BenedictGomez

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Driving out west? It makes no sense unless you dont have the financial means.

I know some Vermonters who drove from N.VT to Vail, 4 years in a row. Sounds insane, but for a family of 4 with limited financial means, they did it to save $$$$, which I get.
 

BenedictGomez

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Any car built since 2000 can easily go 5000 miles between changes (especially if its all highway miles like a trip out west is) and upwards of 10000 with synthetic.

You're right about the 3,000 miles on standard oil being unnecessarily low, but if you're going 10,000 miles between all your changes on synthetic, you're slowly killing your car.
 

bdfreetuna

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Even with conventional oil, changing your oil every 3000 miles is a waste of money, and bad for the planet. Any car built since 2000 can easily go 5000 miles between changes (especially if its all highway miles like a trip out west is) and upwards of 10000 with synthetic. The 3000 mile oil change was brought to you by jiffylube.

Synthetic oil shears too just not as quickly. The 10,000 mile oil change interval = brought to you by motor oil manufacturers trying to outdo each other. Pure marketing. Maybe you can get away with OCI like that in a 90's Toyota or Honda. I hope you check your oil levels too..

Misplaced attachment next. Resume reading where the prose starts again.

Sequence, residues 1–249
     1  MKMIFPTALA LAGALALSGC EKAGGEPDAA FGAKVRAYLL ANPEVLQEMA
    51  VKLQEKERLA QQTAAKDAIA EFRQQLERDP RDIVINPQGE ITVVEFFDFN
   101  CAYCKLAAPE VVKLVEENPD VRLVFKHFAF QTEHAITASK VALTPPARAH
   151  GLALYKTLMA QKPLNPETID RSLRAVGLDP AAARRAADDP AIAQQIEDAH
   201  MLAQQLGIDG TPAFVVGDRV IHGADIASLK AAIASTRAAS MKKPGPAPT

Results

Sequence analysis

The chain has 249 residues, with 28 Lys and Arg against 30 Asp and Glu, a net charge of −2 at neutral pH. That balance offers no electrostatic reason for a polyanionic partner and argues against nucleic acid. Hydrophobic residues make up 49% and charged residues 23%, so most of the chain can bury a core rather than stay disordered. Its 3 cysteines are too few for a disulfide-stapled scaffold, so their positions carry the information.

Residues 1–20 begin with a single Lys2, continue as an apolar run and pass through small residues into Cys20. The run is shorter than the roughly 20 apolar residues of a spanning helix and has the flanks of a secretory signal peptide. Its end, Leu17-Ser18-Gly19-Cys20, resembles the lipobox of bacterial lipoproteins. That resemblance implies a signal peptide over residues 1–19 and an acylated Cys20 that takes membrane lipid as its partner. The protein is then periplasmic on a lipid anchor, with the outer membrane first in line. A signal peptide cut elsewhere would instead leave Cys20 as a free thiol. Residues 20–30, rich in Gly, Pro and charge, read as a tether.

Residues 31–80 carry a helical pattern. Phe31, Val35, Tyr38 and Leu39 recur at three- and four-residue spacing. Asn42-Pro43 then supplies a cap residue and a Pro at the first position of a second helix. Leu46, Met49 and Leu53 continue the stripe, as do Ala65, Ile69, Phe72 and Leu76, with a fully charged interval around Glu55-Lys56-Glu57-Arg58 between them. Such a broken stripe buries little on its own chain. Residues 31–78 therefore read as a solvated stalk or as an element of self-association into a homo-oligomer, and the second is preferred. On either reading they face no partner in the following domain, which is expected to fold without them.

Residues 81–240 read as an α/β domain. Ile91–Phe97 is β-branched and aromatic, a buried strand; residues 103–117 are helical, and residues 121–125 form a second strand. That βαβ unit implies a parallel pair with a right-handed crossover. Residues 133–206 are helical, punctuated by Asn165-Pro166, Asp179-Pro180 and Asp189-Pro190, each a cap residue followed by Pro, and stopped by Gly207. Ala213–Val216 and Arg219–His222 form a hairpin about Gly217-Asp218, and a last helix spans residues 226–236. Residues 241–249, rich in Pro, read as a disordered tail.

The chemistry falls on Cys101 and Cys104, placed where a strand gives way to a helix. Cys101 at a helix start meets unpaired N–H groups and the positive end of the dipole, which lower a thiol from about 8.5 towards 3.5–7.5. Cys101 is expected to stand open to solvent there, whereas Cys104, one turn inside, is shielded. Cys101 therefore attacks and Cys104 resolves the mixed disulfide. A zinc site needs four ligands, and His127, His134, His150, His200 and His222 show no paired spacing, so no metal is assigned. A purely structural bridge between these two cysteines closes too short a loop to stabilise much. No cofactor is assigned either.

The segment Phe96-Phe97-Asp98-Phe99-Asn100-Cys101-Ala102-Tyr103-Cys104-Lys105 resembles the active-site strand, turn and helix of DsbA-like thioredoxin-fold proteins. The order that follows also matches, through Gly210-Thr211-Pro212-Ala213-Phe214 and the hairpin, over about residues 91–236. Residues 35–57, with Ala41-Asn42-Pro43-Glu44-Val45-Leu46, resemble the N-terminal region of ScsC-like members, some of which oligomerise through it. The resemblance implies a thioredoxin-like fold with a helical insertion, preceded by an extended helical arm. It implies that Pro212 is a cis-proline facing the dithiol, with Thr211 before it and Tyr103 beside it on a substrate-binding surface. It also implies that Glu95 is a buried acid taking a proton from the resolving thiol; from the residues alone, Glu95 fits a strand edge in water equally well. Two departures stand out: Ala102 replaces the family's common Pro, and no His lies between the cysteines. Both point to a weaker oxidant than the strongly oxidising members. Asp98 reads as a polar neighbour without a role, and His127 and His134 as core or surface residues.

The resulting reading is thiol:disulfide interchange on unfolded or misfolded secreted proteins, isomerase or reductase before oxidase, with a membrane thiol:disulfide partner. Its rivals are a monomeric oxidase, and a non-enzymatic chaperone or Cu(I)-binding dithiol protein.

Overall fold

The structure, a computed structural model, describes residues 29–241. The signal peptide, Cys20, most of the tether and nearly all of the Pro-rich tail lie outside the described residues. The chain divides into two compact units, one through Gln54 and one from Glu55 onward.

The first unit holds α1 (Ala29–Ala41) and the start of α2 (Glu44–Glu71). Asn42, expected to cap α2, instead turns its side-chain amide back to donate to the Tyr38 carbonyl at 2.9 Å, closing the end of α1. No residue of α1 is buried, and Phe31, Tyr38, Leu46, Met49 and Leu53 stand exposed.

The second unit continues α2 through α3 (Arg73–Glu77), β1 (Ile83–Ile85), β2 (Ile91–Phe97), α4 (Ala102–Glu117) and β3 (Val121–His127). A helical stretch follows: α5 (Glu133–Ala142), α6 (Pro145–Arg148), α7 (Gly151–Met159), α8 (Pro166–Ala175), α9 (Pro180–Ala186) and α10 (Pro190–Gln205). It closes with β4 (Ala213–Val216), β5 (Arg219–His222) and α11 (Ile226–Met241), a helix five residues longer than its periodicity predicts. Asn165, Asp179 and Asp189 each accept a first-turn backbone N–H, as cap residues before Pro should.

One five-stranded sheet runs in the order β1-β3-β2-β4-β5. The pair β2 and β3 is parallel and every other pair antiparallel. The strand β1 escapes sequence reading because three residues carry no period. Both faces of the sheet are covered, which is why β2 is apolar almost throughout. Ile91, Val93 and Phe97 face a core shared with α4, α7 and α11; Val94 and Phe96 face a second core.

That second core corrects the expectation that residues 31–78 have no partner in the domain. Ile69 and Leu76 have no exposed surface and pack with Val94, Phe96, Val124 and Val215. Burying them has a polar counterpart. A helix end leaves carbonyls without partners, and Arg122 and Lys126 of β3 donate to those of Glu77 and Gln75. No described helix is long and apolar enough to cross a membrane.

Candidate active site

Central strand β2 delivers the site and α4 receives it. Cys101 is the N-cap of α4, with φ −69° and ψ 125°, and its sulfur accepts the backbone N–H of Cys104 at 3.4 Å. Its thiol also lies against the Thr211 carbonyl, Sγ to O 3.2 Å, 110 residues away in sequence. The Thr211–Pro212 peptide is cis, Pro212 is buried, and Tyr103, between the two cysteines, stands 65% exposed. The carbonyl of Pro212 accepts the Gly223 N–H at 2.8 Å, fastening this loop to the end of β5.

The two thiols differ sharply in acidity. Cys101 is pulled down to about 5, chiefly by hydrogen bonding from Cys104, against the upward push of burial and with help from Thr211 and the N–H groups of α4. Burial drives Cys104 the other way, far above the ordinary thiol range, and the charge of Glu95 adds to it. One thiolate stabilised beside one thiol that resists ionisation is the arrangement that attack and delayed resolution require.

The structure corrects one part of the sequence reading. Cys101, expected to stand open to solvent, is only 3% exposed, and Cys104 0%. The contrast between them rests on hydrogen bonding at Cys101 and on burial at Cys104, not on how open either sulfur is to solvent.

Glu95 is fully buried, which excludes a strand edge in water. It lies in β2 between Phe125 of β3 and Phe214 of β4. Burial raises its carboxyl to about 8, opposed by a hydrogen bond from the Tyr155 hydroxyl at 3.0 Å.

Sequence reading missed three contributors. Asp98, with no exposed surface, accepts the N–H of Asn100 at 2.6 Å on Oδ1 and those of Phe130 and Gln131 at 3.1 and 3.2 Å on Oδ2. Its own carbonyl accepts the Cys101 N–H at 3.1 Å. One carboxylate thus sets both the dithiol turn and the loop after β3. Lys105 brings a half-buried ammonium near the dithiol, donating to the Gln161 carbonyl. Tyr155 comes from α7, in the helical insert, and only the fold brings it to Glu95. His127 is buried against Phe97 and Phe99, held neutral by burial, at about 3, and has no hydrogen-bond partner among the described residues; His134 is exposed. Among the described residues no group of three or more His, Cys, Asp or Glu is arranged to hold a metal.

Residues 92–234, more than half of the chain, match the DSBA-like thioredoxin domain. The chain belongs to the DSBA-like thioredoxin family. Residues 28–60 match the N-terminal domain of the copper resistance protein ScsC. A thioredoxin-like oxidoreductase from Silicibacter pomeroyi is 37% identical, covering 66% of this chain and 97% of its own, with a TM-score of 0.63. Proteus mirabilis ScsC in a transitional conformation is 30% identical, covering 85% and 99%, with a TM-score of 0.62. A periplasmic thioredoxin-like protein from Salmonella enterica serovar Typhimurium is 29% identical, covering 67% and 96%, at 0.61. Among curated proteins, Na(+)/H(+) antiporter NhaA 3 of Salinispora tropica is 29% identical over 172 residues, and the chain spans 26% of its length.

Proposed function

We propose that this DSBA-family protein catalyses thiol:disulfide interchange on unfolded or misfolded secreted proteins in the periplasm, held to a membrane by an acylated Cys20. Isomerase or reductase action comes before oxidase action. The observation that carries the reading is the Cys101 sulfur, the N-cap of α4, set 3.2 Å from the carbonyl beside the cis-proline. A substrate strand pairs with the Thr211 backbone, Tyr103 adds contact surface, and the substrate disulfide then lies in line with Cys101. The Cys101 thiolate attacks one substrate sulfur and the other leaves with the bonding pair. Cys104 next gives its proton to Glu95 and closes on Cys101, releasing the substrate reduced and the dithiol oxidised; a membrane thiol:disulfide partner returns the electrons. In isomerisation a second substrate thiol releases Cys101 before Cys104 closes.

2015 Subaru Recommended with Synthetic is 5K and gas is premium for my car. Straight out of manual. On long trips I change it before going out and when I get back. The planet will never know. My cars last longer than most because of it. Sorry that is what I do.

Yup your engine is basically same as in my 08 Legacy GT minus the turbo (unless you are 3.6R which is fundamentally similar anyway). Subaru says 3,750 mile OCI on my car. I usually aim for 3,000 since that's the number most Subie enthusiasts stick with, and my car is pretty high miles with bolt ons/tune.

My wife's Rav4 I use cheaper synthetic and do 5,000 mile OCI. That's the sweet spot for most vehicles.
 

Hawk

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Synthetic oil shears too just not as quickly. The 10,000 mile oil change interval = brought to you by motor oil manufacturers trying to outdo each other. Pure marketing. Maybe you can get away with OCI like that in a 90's Toyota or Honda. I hope you check your oil levels too..